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Thursday, 16 March 2017

Seeing the woods for the trees ... Isaszég 1849 AAR

Isaszég was one of the biggest Hungarian victories of the Hungarian War of Independence of 1848-1849. An audacious Hungarian strategic outflanking manoeuvre surprised the Austrians, who then fought hard but were defeated. As this war is my current obsession, I did the research, wrote a scenario, and even got a battlemat specially printed. (See my previous post about battlemats.) I ran it for the first time at our second BBB Bash Day in February, and this week I finally got to play it myself.

Near-contemporary map from the Austrian Second Military Survey (1806-1869).
Village of Isaszég where the pin is; Hungarians approached from right and lower right. 
Note the grid of lanes through the well-managed forests.

I commanded the Austrian left around Gödöllő, and Mark had the Croat corps on the Austrian right around Isaszég. Our Hungarian opponents, Dave and Nigel, had a bold plan: instead of doing the historical thing and driving the Croat outposts back through the King's Wood on the direct route to Isaszég, they tried a big left hook around the difficult terrain of the wood to cross the river near Pécel and roll up our right flank.

They were doubly stymied by Dave's dismal movement dice and Mark's lethal gunnery dice. Meanwhile Nigel's movement dice for Aulich's corps in the Hungarian centre were equally sad, and he spent all game milling around in the woods, trying to finish off a couple of our diversionary/ delaying units. They only managed to capture one objective, not even close to the 3 for a draw, never mind 4+ for a win.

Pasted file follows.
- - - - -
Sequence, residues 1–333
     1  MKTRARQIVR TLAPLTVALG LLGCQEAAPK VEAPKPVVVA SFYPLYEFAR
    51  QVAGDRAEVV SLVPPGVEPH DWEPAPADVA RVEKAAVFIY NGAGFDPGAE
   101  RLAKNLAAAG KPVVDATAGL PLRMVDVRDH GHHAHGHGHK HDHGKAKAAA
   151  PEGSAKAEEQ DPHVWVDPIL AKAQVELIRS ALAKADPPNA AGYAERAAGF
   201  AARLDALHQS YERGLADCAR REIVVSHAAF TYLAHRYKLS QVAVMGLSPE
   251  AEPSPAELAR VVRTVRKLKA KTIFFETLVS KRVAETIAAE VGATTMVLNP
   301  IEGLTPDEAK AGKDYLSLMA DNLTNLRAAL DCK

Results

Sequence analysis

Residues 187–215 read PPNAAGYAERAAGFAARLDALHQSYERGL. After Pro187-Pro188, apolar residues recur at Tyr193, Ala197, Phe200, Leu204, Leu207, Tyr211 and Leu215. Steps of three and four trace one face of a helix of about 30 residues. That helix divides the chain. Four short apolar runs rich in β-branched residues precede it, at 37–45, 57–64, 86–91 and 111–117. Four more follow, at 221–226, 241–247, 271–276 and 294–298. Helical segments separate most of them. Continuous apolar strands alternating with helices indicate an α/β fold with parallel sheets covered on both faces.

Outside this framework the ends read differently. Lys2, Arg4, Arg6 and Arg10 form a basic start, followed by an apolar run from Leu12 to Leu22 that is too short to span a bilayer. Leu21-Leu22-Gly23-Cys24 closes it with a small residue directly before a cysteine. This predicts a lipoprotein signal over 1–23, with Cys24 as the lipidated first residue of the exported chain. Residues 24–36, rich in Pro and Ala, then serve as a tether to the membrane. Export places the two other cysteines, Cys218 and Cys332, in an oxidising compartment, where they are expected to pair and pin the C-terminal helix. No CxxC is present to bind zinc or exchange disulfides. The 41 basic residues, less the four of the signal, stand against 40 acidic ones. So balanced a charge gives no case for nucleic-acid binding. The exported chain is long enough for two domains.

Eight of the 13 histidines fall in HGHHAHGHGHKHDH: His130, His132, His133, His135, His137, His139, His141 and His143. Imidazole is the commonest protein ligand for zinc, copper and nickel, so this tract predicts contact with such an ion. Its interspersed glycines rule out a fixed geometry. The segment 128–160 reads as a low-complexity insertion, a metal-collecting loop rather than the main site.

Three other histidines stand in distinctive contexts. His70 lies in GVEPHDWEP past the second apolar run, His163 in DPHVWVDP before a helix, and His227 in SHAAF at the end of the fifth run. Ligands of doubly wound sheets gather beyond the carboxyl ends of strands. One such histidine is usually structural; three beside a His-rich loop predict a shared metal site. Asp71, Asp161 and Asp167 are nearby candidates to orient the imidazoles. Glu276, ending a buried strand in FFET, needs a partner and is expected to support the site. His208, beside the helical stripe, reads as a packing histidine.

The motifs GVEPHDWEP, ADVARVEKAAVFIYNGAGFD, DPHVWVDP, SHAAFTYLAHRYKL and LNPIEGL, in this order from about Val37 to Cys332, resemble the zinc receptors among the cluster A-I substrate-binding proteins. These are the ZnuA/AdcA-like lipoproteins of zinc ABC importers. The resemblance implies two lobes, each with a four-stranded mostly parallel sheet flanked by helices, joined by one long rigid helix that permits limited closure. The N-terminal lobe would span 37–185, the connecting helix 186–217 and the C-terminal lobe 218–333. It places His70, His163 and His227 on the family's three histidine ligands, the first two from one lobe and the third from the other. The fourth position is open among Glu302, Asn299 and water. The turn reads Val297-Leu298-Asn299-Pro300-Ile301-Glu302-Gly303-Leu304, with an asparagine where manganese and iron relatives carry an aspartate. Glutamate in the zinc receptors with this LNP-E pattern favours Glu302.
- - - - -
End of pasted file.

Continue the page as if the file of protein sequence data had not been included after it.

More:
After the game I reflected on how hard the woods had made it for the Hungarians to get anywhere close to a historical result. Even after discounting for the unusually uneven fortunes of the dice, it was difficult for them to get to grips and beat the defending Austro-Croats in the limited turns available.

At that point I remembered a couple of lines of description from my translation of a Hungarian account of the battle. The King's Wood was described as: "a well managed, loose leaf forest and does not seriously hinder movement. The numerous clearings in it greatly facilitated formation changes, command and control.

So I looked at a map of the time from the Austrian Second Military Survey. This does clearly show that the woods are criss-crossed with lanes, indicating that they were indeed well-managed forests that could have been relatively easy for troops to move through in good order.

I have therefore updated the scenario to reflect this, treating the King's Wood as 'Crops' rather than 'Woods'. This means it still gives cover and blocks line of sight the same as woods do, but without the heavy movement penalties for being in Difficult Terrain.

So let's call that a successful playtest. I have put the revised version of the scenario in the BBB Yahoo group files. There are also some photos of the game in Flickr.

Now if only I could revise my battlemat ...